3 George Washington University Students who have previously hacked together before The three of us on the team have attended medical hackathons before and competed as a team. We chose to attend Hopkins MedHacks to challenge ourselves and picked the post-op track. We learned that coding is essential to accomplish most technical solutions. Trying to take into account the low resource and technology setting was the hardes part in coming up with a solution.
What it does
We have a flowchart that displays functions of a code that takes data transmitted from a wearable device via a USB, such as a pluse oximeter, and then plots the data and displays it to the nurse. The program will have an accepted threshold of vital values for % of blood oxygen and heart rate, which it will then compare to the data found by the pulse oximeter and the graph. We found that respiratory rate can be indirectly measured, taking the PPG graph and a mathematical translation, respiratory rate can be found. Once the values are compared if in range, the wearable will flash a green LED signifying the patient is in range. If their values are on the borderline of being high/low for the condition the device will flash yellow, and if severely out of range it will flash red. The status of the patient will update to the app and the nurse will be able to view which patients to see first based on red to yellow to green ratings.
How we built it
We first looked at current pulse oximeters and then thought about exactly what we measured and how we could manipulate and the data, to make easier for continuous monitoring and less of a need for nurses to check in patients whose ranges are not in a critical outbound, meaning they have normal vitals.
Challenges we ran into
We were truly unaware of what technology the clinics we were dealing with in Africa, we were told some had smartphones, while others didn't, and that internet connectivity was inconsistent if any. Sadly we wanted to focus on hardware, however after speaking to mentors we had to pivot our idea and go more of a software route, which is why we don't have a working prototype, since none of the team has much background in app making. We had to pivot halfway during the hackathon which meant we couldn't look for those people with app expertise to aid in the project.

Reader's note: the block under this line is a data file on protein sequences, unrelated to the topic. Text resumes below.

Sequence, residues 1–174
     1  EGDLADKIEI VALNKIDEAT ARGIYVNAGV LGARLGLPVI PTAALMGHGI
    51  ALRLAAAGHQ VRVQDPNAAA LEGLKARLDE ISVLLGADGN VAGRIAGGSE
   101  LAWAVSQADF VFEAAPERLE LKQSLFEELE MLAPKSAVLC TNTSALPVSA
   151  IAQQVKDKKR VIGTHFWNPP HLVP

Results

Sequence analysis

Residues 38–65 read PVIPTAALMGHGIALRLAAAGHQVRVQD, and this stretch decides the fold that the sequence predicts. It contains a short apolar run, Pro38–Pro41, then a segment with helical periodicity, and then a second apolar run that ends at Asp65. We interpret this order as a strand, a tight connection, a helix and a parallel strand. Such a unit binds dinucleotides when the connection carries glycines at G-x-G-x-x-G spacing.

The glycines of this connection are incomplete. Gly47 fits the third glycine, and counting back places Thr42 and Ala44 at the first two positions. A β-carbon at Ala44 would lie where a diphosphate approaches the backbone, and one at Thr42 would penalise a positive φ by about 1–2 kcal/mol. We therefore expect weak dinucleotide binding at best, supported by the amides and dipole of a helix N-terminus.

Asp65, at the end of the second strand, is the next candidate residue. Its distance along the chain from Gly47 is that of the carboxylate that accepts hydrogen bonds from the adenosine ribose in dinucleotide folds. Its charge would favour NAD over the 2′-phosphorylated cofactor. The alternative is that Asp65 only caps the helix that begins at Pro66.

Accomplishments that we're proud of
Due to the fact we had to pivot, we decided to come up with a solution that could be implemented with most wearable technologies, this universal design is something we are proud of. This monitoring system function can be implemented in any coding language as well.
What we learned
We learned that coding is necessary to accomplish most if not all technical feats. We truly learned about user design and to think about what the customer wants and the exact technological features available in low resource settings.
What's next for BPOC- Blood Pulse Oximeter Monitoring
To continue to research wearable devices that can be made at low cost, have a USB port so that the transmitter can be housed in the unit, and code the flowchart pseudo code presented.
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